Including asymptotic and numerical methods for option pricing, smile asymptotics for local- and stochastic volatility models (the SABR model and fractional volatility models in particular), Laplace methods on Wiener space and heat kernel expansions.

Blanka completed her PhD in Financial Mathematics at ETHZürich with Josef Teichmann and Johannes Muhle-Karbe. She holds a Diploma in Mathematics from the University of Bonn and an MSc in Economics from the University of Hong Kong.

15.30 – 16.00: Afternoon Break and Networking Opportunities

16.00 – 17.00: Evaluating LLMs in Financial Tasks – Code Generation in Trading Strategies

In this paper, we perform a comprehensive evaluation of various Large Language Models (LLMs) for their efficacy in generating Python code specific to algorithmic trading strategies. Our study encompasses a broad spectrum of LLMs, including GPT-4-Turbo, Gemini-Pro, Mistral, Llama2, and Codellama, assessing their performance across a series of task-specific prompts designed to elicit precise code implementations for over various technical indicators commonly used in the financial trading sector.

A principal component of our methodology involves the creation of a detailed prompt structure that adapts to the unique capabilities of each LLM. For OpenAI’s Assistant AI, we leverage an intricate prompt design that integrates templated responses, zero-shot task- specific prompts, and prompt chaining to guide the models through a step-by-step reasoning process, ensuring the generation of executable and accurate Python code. This structured approach not only facilitates the model’s comprehension of the task at hand but also allows for the nuanced adaptation of prompts to cater to the distinct processing styles of different LLMs.

Our evaluation framework is grounded in a comparison against baseline results obtained from widely recognized libraries such as TALib, as well as a comprehensive Python implementation of the indicators. Through a meticulous process of parsing our code and constructing data frames that encapsulate function names, parameters, and documentation, we establish a foundational prompt that prompts LLMs to propose viable Python code implementations. This zero-shot task-specific approach is crucial in enabling the LLMs to methodically navigate through the tasks, thereby enhancing the accuracy and relevance of the generated code. The findings indicate that GPT-4-Turbo, Codellama-70B, and Gemini-Pro yield encouraging results relative to baseline computations, with GPT-4-Turbo achieving identical implementations to the baseline in certain instances.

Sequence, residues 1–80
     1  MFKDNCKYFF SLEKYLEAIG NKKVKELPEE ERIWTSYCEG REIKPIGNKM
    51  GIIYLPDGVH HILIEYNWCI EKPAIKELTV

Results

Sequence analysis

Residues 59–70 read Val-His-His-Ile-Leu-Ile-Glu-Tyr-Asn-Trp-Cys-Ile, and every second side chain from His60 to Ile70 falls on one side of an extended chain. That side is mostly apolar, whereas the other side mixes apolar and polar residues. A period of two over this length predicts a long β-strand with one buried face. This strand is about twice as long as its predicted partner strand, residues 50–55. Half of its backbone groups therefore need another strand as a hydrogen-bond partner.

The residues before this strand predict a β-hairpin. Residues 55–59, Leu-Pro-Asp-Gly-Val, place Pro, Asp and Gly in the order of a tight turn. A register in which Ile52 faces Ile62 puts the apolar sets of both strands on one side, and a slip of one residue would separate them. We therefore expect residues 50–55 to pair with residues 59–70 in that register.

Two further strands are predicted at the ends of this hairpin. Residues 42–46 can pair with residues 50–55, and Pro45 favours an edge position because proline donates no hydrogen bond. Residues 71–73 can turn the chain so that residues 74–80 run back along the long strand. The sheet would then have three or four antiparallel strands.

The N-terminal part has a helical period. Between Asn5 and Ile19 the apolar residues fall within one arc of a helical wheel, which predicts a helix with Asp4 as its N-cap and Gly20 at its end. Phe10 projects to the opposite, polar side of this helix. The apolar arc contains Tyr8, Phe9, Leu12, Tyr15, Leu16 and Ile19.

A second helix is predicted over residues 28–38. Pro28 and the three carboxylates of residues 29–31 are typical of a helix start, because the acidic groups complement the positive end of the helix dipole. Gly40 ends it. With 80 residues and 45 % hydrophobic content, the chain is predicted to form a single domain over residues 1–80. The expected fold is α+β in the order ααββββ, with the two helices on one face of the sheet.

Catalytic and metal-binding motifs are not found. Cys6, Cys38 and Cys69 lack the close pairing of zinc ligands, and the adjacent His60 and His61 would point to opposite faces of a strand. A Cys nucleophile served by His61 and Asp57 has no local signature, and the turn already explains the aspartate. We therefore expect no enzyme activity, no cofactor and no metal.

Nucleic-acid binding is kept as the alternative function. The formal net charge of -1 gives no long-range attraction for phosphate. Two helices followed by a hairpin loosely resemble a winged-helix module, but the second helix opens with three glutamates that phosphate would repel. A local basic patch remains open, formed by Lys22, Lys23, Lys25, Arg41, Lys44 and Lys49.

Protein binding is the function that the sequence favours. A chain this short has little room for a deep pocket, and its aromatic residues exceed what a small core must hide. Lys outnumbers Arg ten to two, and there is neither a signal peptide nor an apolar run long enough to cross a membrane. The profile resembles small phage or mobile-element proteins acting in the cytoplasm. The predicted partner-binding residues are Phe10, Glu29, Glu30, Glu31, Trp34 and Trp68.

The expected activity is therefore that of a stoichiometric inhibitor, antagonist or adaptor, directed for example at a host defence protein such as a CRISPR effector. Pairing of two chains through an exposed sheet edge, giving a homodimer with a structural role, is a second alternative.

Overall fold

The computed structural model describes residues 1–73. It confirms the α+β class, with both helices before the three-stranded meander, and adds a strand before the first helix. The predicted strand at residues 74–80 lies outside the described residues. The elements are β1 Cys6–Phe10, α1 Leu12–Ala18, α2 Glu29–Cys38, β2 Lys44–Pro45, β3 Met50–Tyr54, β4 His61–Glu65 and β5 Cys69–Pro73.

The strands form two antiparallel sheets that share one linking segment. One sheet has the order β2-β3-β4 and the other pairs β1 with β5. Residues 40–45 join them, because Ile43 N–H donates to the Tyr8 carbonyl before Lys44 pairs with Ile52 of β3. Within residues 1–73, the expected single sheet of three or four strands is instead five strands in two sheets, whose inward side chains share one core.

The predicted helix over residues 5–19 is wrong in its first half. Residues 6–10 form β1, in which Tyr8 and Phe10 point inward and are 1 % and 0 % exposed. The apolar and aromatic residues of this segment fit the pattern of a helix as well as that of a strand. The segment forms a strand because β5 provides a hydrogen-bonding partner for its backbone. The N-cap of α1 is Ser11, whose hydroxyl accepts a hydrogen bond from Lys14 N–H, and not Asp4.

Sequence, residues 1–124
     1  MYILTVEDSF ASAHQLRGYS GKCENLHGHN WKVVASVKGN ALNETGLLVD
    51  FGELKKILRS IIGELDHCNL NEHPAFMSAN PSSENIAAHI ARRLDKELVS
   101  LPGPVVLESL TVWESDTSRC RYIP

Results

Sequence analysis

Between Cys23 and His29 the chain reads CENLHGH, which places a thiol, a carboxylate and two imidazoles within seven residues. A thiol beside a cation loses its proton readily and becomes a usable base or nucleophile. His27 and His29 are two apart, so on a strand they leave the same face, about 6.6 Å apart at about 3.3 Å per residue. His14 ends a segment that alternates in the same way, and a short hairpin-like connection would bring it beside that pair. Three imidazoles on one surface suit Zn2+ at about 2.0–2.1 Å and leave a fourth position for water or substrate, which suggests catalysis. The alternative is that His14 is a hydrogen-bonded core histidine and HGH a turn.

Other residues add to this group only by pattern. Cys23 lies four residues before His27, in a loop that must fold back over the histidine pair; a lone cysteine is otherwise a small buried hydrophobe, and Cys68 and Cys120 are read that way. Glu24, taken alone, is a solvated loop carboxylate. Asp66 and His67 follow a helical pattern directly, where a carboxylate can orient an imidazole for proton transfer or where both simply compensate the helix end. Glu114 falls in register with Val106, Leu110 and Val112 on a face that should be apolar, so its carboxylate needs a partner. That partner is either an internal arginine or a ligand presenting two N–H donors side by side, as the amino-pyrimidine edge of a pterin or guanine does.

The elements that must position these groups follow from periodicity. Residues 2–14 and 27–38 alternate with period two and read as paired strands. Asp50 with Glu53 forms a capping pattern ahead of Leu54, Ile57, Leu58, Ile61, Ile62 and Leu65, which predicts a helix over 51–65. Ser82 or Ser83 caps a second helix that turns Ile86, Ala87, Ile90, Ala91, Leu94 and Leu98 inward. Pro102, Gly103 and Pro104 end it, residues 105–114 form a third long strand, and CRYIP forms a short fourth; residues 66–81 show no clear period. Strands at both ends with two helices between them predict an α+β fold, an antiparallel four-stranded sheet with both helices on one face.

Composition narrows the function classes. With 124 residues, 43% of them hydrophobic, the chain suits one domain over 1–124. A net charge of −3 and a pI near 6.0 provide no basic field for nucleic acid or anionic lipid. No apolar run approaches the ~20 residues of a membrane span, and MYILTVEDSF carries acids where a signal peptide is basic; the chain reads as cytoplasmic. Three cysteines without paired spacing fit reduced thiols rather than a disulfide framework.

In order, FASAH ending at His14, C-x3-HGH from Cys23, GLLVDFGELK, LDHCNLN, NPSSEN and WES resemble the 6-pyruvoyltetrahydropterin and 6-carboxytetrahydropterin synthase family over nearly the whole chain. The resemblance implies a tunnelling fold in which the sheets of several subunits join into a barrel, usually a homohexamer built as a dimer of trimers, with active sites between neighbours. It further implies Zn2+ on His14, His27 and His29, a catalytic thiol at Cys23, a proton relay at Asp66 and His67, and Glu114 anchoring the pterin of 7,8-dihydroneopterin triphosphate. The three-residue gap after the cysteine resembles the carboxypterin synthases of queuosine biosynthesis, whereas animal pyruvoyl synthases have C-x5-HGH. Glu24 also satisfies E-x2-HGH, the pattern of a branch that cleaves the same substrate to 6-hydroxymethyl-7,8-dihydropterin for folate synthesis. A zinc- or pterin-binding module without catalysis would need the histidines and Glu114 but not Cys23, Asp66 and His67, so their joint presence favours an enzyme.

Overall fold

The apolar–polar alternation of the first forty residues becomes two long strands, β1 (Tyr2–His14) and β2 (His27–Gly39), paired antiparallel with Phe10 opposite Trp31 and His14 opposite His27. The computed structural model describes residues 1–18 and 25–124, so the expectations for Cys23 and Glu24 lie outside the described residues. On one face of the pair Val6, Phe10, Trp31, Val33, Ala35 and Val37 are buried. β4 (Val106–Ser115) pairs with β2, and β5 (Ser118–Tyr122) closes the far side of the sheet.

Miquel Noguer Alonso:

Co – Founder and Chief Science Officer, Artificial Intelligence Finance Institute – AIFI

Miquel Noguer Alonso: Co – Founder and Chief Science Officer, Artificial Intelligence Finance Institute – AIFI

Miquel Noguer is a financial markets practitioner with more than 20 years of experience in asset management, he is currently Head of Development at Global AI ( Big Data Artificial Intelligence in Finance company ) and Head on Innovation and Technology at IEF.

He worked for UBS AG (Switzerland) as Executive Director.for the last 10 years. He worked as a Chief Investment Office and CIO for Andbank from 2000 to 2006.

He is professor of Big Data in Finace at ESADE and Adjunct Professor at Columbia University teaching Asset Allocation, Big Data in Finance and Fintech. He received an MBA and a Degree in business administration and economics in ESADE in 1993. In 2010 he earned a PhD in quantitative finance with a Summa Cum Laude distinction (UNED – Madrid Spain).

17.00 – 19.00: Roof Terrace Drink Reception.